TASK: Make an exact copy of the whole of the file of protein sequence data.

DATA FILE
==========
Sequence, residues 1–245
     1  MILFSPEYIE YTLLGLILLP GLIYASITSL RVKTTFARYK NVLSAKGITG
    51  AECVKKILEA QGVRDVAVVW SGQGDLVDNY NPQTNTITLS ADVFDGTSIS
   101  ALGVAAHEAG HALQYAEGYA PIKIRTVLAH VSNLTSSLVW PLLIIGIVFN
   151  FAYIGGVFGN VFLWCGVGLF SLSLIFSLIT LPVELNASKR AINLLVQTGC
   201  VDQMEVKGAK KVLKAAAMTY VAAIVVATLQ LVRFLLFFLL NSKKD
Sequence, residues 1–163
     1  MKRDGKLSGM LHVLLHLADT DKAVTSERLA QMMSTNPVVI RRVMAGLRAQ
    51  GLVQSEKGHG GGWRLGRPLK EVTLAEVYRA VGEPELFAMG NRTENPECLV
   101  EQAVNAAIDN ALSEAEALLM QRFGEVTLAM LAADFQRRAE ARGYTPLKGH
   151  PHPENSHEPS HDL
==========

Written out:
Sequence, residues 1–245
     1  MILFSPEYIE YTLLGLILLP GLIYASITSL RVKTTFARYK NVLSAKGITG
    51  AECVKKILEA QGVRDVAVVW SGQGDLVDNY NPQTNTITLS ADVFDGTSIS
   101  ALGVAAHEAG HALQYAEGYA PIKIRTVLAH VSNLTSSLVW PLLIIGIVFN
   151  FAYIGGVFGN VFLWCGVGLF SLSLIFSLIT LPVELNASKR AINLLVQTGC
   201  VDQMEVKGAK KVLKAAAMTY VAAIVVATLQ LVRFLLFFLL NSKKD
Sequence, residues 1–163
     1  MKRDGKLSGM LHVLLHLADT DKAVTSERLA QMMSTNPVVI RRVMAGLRAQ
    51  GLVQSEKGHG GGWRLGRPLK EVTLAEVYRA VGEPELFAMG NRTENPECLV
   101  EQAVNAAIDN ALSEAEALLM QRFGEVTLAM LAADFQRRAE ARGYTPLKGH
   151  PHPENSHEPS HDL